Tabaski, Celebrating Around a Ram

Jul. 24 | 2021

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In July many people in West Africa celebrated Tabaski, an Islamic holiday. The special occasion honors the ability of Abraham to sacrifice his son as an act of obedience to God. In the story, God was pleased by Abraham’s willingness and instead sent a ram instead of his son. 


Our Mali Director, Bara Kassambara, celebrated with his family where they were able to slaughter a ram, shared it with poor families in his neighborhood and then sat down for a meal. This is a typical celebration as the ram is the center of the celebration as well as prayer at the local mosque. Typically the ram is eaten by the family, shared with friends, and also shared with the poor. During this time sheep prices at the market can dramatically increase. 


a man is holding meat to cook for a tabaski meal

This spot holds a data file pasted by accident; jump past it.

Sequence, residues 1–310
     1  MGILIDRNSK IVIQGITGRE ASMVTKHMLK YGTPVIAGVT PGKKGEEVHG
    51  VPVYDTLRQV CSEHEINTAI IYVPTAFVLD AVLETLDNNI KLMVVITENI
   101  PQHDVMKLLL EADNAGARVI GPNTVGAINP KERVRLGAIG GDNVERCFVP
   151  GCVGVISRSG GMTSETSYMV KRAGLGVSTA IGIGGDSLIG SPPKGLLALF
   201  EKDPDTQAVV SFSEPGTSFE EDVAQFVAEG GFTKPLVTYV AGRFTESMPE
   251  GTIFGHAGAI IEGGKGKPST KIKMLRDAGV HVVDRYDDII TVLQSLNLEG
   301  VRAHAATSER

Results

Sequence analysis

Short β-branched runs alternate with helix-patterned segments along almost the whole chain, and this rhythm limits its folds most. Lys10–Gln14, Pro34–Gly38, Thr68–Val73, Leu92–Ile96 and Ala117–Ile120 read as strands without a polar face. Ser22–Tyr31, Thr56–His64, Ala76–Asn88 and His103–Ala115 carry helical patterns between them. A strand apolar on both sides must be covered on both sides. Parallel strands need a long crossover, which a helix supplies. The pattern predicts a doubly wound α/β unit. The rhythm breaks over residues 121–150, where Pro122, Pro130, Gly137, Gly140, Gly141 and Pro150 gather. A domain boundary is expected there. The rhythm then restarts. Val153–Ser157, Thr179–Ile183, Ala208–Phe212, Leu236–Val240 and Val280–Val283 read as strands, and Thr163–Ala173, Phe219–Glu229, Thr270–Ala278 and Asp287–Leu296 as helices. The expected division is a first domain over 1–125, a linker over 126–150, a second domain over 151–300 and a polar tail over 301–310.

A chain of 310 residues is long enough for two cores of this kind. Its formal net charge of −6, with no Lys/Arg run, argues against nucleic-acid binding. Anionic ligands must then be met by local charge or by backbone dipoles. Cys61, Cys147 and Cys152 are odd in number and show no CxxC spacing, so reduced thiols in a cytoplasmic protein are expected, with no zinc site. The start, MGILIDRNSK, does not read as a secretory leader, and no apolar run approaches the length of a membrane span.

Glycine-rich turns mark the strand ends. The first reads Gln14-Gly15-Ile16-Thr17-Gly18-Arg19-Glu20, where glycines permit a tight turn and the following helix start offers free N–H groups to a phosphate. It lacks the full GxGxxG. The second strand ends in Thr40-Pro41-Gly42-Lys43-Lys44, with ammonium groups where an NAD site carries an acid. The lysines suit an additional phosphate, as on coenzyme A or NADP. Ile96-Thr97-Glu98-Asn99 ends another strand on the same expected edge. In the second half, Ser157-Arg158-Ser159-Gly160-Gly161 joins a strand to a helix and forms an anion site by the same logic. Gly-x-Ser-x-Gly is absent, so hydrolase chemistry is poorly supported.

The price of sheep in the market dramatically increased because of Tabaski. Most of the time the burden of paying for a ram in preparation for the holiday can be challenging to families. On the other hand, this can be a good opportunity to raise livestock for this purpose in the market. We have worked with small ruminant entrepreneurs in the past to prepare their livestock for the holiday which could increase their profitability not only from the timing but also for the guidance in feeding techniques, breeding and other care. 


The size and the breed of the sheep can have a major impact on the price of the animal. One of the most sought after, the Bali-Bali, can be on the highest end of the price spectrum. During this time the market becomes busy, frequented by farmers and buyers alike hoping to find the price they’re looking for. 


a group of people selling rams for the tabaski feast


Read more about the Bali-Bali sheep here


Read more about the unique traits that can affect the price of livestock in a Malian market here